Isabel Morgan

From Wikipedia, the free encyclopedia
Jump to: navigation, search


Isabel Merrick Morgan
Isabel Merrick Morgan.jpg
Born (1911-10-20)October 20, 1911
New Bedford, Massachusetts
Died October 18, 1996(1996-10-18) (aged 84)
Nationality United States
Fields Virologist
Institutions Rockefeller University
Johns Hopkins University
Sloan-Kettering Cancer Institute
Alma mater Stanford University
University of Pennsylvania (Ph.D.)
Columbia University (MS)
Known for Research into polio immunization

Isabel Merrick Morgan (also Morgan Mountain) (20 August 1911 – 18 August 1996) was an American virologist at Johns Hopkins University who prepared an experimental vaccine that protected monkeys against polio in a research team with David Bodian and Howard Howe. She was the daughter of Thomas Hunt Morgan and Lilian Vaughan Sampson.

Academic career and research work on polio[edit]

Morgan graduated from Stanford University and wrote her doctoral thesis in bacteriology at the University of Pennsylvania. She joined the Rockefeller Institute for Medical Research in New York in 1938. There she worked in Peter Olitsky's lab and did research work on immunity to viral diseases, such as polio and encephalomyelitis.[1][2]

In 1944 Morgan joined a group of virologists, including David Bodian, at Johns Hopkins, where she began experiments to immunize monkeys against polio with killed poliovirus grown in nervous tissue and inactivated with formaldehyde. After vaccination with the inactivated virus, the monkeys were able to resist injections with high concentrations of live poliovirus.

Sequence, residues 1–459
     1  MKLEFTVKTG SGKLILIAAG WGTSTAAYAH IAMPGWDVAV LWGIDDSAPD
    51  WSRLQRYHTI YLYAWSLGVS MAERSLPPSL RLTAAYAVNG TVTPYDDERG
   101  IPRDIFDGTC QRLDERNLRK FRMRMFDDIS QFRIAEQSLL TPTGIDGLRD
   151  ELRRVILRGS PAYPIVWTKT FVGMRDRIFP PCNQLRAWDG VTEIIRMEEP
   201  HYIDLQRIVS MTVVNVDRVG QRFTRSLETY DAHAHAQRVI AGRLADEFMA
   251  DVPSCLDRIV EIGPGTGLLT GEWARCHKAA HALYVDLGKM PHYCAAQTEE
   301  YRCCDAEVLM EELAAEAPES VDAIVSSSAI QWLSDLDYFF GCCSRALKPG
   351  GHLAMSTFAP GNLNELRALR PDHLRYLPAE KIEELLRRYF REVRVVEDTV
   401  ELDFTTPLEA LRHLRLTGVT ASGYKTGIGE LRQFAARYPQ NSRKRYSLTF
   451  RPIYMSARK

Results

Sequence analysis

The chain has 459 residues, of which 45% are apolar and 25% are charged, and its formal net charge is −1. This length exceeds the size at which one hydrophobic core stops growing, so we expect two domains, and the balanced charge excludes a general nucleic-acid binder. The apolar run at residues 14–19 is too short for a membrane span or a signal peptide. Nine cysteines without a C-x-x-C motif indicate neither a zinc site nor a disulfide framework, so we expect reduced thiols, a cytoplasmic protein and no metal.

Morgan's bust at Warm Springs

Morgan's work was a key link in the chain of progress toward a killed-virus polio vaccine, one that culminated in the approval of Jonas Salk's vaccine for general use in 1955. Until Morgan did her work, it was believed that only live viruses could convey immunity to polio.

In January 1958 she was inducted into the Polio Hall of Fame at Warm Springs, Georgia. She was and remains the only woman who was so honored for her research work.

Work in Westchester department and at the Sloan-Kettering Institute[edit]

In 1949, Morgan left Johns Hopkins and married former Air Force Colonel Joseph Mountain, who was a data processor in New York. The couple moved to Westchester County and Morgan took a job with the county's Department of Laboratory Research.

After her marriage, Morgan never returned to polio research. She did, however, publish articles on polio.[3] When her stepson Jimmy Mountain was killed in an air crash in 1960, she gave up her job at the County Department and pursued a master's degree in biostatistics from Columbia University. She went on to work as a consultant at the Sloan-Kettering Cancer Institute in Manhattan.

Morgan died in 1996, two days before her 85th birthday.

References[edit]

  1. ^ Oshinsky, pages 130-133
  2. ^ The Journal of Experimental Medicine (JEM), Vol 76 (1942), pp. 357-369
  3. ^ where she appears as Isabel Morgan Mountain, PhD, as can be seen in The Journal of Experimental Medicine (JEM), Vol 108 (1958), pp. 505f.

Further reading[edit]

External links[edit]

Publications by Morgan in: